Business Management Articles
/ Customer Service Management


by Prof. Rene T. Domingo (email comments to

It is always cheaper, easier, and more profitable to retain an existing customer than to get a new one or replace a lost one. Customer retention has suddenly become critical to survival for companies across industries, including banking, which are languishing and reeling from the current regional financial crisis. During times of high growth and relative prosperity, lost customers get little or no management attention since new sales from new accounts usually more than cover up for this attrition. Given this management complacency and euphoria, problems causing this churn are left hidden. Nobody investigates and analyzes the service problems or bad quality that drive customers and their friends (by word of mouth) away. What is also paradoxical is that current customers that companies have wooed in the past with vast marketing resources and huge advertising expenditures are easily lost with trivial failures in customer service, usually by the front-line employees. Management is usually oblivious to this gradual erosion of the company's market base until sales stop growing and customers are not replaced as fast as they are lost in an economic crunch. Like fast receding water that quickly exposes the real size and danger of the iceberg, declining demand and sales expose the real magnitude of the real customer service problems that may have been afflicting the company for years. It is usually too late to recover customers lost in a recession. They may have irreversibly decided to switch to a better and cheaper supplier or substitute product. Or recognizing the little value of your products and services, they may have opted to spend their meager income on more basic and urgent necessities.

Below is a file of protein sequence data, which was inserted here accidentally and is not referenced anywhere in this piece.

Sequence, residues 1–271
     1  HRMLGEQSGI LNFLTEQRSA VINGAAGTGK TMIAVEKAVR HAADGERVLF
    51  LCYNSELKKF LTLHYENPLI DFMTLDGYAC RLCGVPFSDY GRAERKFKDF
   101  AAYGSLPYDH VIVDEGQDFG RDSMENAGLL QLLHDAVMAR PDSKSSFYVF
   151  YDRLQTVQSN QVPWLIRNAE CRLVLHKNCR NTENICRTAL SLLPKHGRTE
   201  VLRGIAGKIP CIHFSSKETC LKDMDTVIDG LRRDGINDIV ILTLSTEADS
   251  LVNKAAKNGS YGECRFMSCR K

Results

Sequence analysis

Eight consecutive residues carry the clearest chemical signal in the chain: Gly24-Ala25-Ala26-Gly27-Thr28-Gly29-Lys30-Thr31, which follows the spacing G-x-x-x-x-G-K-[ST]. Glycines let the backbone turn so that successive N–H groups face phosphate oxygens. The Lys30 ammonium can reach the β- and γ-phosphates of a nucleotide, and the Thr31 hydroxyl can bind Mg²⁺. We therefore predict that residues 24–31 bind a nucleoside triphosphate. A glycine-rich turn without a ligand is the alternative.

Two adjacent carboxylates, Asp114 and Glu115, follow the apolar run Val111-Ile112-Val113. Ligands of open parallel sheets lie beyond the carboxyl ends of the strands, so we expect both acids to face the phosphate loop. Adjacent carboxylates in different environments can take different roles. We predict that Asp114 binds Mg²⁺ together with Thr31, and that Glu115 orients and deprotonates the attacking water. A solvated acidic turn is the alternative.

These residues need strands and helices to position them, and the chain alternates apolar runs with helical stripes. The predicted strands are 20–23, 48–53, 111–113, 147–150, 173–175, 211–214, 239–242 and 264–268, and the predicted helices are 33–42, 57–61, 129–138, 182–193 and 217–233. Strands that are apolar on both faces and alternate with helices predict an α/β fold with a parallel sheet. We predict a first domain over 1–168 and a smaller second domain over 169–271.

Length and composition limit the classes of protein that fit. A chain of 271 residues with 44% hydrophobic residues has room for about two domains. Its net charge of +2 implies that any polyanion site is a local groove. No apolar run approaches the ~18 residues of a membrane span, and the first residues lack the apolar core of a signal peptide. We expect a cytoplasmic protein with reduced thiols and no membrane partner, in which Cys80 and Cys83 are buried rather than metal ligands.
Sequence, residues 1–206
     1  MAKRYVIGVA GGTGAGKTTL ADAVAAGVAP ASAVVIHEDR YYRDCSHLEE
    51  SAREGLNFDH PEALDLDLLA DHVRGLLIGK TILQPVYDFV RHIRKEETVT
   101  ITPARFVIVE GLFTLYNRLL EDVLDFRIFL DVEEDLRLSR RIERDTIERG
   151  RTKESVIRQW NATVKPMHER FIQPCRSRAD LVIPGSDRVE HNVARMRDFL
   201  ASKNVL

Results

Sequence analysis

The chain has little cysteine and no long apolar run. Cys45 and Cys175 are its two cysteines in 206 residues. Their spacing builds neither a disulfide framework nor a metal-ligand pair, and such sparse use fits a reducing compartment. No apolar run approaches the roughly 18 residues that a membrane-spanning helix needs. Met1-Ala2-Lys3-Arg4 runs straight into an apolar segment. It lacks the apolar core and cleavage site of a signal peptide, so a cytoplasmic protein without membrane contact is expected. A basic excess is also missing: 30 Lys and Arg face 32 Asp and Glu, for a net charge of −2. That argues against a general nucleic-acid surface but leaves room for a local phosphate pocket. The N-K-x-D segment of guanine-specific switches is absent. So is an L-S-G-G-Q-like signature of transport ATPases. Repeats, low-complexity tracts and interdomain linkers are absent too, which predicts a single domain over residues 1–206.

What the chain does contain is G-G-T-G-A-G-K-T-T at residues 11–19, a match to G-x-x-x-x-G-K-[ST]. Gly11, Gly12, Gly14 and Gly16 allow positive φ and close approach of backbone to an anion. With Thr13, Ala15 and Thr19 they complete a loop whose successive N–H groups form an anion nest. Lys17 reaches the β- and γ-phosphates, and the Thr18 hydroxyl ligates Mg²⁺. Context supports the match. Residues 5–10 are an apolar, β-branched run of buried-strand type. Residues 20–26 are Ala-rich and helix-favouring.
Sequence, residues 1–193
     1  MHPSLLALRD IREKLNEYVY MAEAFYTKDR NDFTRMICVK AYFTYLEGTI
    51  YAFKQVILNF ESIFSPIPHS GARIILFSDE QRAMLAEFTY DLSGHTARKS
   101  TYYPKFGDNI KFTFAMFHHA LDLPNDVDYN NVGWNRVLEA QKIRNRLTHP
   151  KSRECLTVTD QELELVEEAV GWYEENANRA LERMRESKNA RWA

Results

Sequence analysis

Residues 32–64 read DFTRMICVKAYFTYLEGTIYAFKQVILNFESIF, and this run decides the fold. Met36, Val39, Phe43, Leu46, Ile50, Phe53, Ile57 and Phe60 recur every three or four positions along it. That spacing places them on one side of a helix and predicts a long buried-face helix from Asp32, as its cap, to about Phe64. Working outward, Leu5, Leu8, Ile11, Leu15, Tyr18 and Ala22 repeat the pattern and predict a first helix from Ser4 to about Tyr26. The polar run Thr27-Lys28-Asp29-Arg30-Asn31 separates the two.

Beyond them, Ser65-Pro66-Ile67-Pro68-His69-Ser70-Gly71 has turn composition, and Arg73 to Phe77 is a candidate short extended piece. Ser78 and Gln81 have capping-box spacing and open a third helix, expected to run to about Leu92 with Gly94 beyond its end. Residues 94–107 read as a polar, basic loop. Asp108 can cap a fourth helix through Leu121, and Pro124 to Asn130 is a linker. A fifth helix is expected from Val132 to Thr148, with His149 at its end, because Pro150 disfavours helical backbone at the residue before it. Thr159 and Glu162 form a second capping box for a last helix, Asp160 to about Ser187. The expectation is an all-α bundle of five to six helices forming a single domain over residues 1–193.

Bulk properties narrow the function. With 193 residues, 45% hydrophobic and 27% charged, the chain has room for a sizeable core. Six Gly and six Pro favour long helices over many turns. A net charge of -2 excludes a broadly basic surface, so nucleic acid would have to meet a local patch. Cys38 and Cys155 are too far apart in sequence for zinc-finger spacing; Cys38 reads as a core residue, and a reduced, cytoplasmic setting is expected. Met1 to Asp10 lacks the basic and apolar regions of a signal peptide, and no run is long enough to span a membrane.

What are the consequences of bad service? It has been estimated that about 96% of dissatisfied customers do not complain about the bad service they received. More than 90% of them will not come back to the offending establishment. Finally, each of them will tell their unforgettable experience to at least nine of their friends. The financial consequences of slow service and processing could also be staggering. In manufacturing, the quality cost, or the cost of not doing the right things right the first time, is estimated at 15%-35% of sales of any company. One major international credit card company I have studied in Indonesia was having a negative ROI of -7% because of system inefficiency in processing foreign billings and invoices. It took the company 3 months from time it pays the member-merchants to the time it collects the money from the foreign card issuer. Analysis showed that if they could streamline operations, and cut this time to one week, the company could have a potential ROI of 112% ! Indeed, there is money in efficiency. But few banks realized that if they continuously cut all processing times, it becomes a WIN-WIN situation - customers are happier, and the banks make more money.